Skipping Breakfast Is Associated With an Increased Long-term Cardiovascular Mortality in Metabolic Dysfunction-associated Fatty Liver Disease (MAFLD) but not MAFLD-free Individuals

Jiarong Xie; Hangkai Huang; Yishu Chen; Lei Xu; Chengfu Xu


Aliment Pharmacol Ther. 2022;55(2):212-224. 

In This Article

Abstract and Introduction


Background: Balancing calorie control to prevent cardiovascular diseases (CVDs) by skipping breakfast while guarding against its potential risks is a challenge.

Aims: To explore the association between skipping breakfast and cardiovascular mortality in individuals with metabolic dysfunction-associated fatty liver disease (MAFLD).

Methods: A total of 9926 individuals (including 3004 MAFLD participants) aged 20 years or older were enrolled in the Third National Health and Nutrition Examination Survey and followed for up to 27 years. All participants were classified according to the frequency of breakfast consumption (every day, some days, rarely and never). Cox proportional hazards models were used to estimate the hazard ratios (HRs) and 95% confidence intervals (CIs) for cardiovascular mortality.

Results: During the 212 239 person-years of follow-up, we documented a total of 2595 deaths including 603 deaths from CVDs. Of these, 1039 deaths including 253 deaths from CVDs were recorded in MAFLD individuals. MAFLD individuals showed higher cardiovascular mortality than MAFLD-free controls (P < 0.001). Furthermore, skipping breakfast was independently associated with high cardiovascular mortality risk (adjusted HR: 2.850, 95% CI: 1.490–5.452; P = 0.002), and a high cerebrovascular disease mortality risk (adjusted HR: 5.570, 95% CI: 1.814–17.099; P = 0.003) in participants with MAFLD. However, skipping breakfast was not associated with cardiovascular mortality in MAFLD-free individuals (adjusted HR: 1.526, 95% CI: 0.701–3.326; P = 0.280).

Conclusions: In this US population-based study, skipping breakfast was associated with a high risk of cardiovascular mortality in MAFLD but not MAFLD-free individuals.


Cardiovascular diseases (CVDs), a leading cause of death that claimed 18.6 million lives globally in 2019,[1] pose growing health and economic burdens to all societies. Metabolic dysfunction-associated fatty liver disease (MAFLD), formerly named non-alcoholic fatty liver disease (NAFLD), affects up to a third of the world's adult population and is an independent risk factor for the increased cardiovascular mortality.[2–4] Considering that CVDs are the most common cause of death in the MAFLD population, it is urgent to take strategies to reduce cardiovascular mortality in the MAFLD population.

Given the absence of FDA-approved pharmacological therapies for MAFLD, dietary interventions remain the cornerstone.[5] Multiple diets, including Dietary Approaches to Stop Hypertension diets, low-carbohydrate diets, and Mediterranean diets, have been evaluated. However, dietary patterns remain largely unexplored.[6] Only caloric restriction was proved effective and consistently recommended in the current guidelines.[7] The American Association for the Study of Liver Diseases (AASLD), the European Association for the Study of the Liver/European Association for the Study of Diabetes/European Association for the Study of Obesity (EASL-EASD-EASO), the National Institute for Health and Care Excellence (NICE), and the Asian-Pacific working party all highlight the importance of caloric restriction in the treatment of MAFLD.[8–11] However, more research is needed into how to allocate dietary calories as the specific diet plan and its effect on MAFLD remain unclear. The potential risks of fasting may be a factor to consider.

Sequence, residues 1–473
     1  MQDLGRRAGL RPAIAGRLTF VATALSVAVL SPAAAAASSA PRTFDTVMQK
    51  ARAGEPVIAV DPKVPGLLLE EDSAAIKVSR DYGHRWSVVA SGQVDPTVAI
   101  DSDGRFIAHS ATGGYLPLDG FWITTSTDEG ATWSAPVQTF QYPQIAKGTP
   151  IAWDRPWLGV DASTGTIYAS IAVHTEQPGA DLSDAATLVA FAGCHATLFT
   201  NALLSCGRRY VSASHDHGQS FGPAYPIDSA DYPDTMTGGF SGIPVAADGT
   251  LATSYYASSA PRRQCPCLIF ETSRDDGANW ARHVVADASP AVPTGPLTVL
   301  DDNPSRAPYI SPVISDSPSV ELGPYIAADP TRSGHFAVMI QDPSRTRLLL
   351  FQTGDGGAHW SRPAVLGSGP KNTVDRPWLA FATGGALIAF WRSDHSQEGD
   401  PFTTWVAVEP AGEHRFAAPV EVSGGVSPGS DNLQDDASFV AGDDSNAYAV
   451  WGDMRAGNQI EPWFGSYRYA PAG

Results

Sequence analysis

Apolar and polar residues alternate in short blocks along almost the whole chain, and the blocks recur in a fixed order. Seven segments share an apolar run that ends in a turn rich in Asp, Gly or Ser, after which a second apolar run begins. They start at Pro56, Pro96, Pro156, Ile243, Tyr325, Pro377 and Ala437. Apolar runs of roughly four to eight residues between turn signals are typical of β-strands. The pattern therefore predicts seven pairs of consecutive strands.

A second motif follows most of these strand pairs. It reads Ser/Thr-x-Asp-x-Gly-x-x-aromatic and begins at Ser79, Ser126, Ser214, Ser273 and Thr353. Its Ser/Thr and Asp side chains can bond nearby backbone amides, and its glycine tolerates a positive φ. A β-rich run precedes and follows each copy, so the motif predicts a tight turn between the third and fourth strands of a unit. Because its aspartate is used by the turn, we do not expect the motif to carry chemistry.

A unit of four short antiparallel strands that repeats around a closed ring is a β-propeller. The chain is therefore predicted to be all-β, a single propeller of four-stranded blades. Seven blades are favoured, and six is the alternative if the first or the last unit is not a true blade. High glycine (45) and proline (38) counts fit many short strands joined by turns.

Breakfast plays an important role in dietary regulation. However, up to 30% of US adults reportedly do not eat breakfast.[12] In recent years, the harm of skipping breakfast to health has gained increasing attention. Asao et al[13] explored the mechanisms underlying skipping breakfast on the NHANES III database and found that a 50% higher fasting leptin level was associated with a 9%-12% higher likelihood of skipping breakfast. Previous studies have reported that skipping breakfast is associated with adverse cardiometabolic perturbations, leading to overweight/obesity,[14] metabolic syndrome,[15] and type 2 diabetes mellitus (T2DM).[16] Skipping breakfast may also increase the risk of CVDs.[17,18] Uzhova et al reported that the omission of breakfast was associated with an increased odds of the early onset and development of atherosclerosis.[18] However, Sievert et al[19] found that participants who skipped breakfast had less total daily energy intake than those assigned to eat breakfast, which might contribute to calorie control. The observations introduce the question of whether skipping breakfast for caloric restriction increases cardiovascular mortality, especially in the MAFLD population. Balancing calorie control to prevent CVDs by skipping breakfast while guarding against its potential risks is a challenge. Large cohort studies with a long-term follow-up and the assessment of clinical endpoints are needed to explore the impact of skipping breakfast on MAFLD individuals.

In this study, by analysing the long-term follow-up results of the NHANES III, 1988–1994, we explored the association of skipping breakfast with cardiovascular mortality in the MAFLD population.